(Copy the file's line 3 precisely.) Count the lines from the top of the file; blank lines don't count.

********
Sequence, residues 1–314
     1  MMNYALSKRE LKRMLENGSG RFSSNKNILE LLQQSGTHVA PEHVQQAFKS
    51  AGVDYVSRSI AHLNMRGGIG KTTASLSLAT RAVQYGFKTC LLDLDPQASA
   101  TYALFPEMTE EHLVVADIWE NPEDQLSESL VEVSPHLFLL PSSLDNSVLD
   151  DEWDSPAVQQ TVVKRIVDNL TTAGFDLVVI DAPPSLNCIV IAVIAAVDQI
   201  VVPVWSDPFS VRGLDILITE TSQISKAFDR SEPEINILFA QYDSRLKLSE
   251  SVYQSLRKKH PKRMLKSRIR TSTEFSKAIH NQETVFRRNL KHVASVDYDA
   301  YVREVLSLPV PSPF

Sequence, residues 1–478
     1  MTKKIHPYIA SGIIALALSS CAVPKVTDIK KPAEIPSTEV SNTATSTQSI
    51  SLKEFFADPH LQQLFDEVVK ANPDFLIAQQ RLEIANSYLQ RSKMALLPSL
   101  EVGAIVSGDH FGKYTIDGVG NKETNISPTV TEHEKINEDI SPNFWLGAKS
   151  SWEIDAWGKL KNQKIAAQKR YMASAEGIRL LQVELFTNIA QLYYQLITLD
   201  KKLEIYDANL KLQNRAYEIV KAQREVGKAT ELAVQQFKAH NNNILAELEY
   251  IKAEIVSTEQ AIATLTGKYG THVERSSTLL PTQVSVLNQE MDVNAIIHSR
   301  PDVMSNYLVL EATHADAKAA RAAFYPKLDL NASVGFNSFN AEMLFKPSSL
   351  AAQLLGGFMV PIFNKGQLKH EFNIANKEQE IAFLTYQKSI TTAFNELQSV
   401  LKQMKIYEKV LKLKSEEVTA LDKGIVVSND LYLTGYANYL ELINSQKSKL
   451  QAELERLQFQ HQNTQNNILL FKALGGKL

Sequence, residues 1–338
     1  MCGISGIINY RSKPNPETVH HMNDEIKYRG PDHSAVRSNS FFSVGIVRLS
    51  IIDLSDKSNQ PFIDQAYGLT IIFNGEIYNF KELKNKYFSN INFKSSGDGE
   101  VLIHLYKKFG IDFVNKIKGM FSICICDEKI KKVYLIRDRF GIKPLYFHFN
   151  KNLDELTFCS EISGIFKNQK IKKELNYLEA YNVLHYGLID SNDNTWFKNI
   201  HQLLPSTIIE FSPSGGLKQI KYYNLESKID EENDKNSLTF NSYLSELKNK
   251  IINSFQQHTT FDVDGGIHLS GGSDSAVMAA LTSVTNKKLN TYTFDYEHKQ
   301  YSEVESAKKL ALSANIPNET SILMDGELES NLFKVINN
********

    51  AGVDYVSRSI AHLNMRGGIG KTTASLSLAT RAVQYGFKTC LLDLDPQASA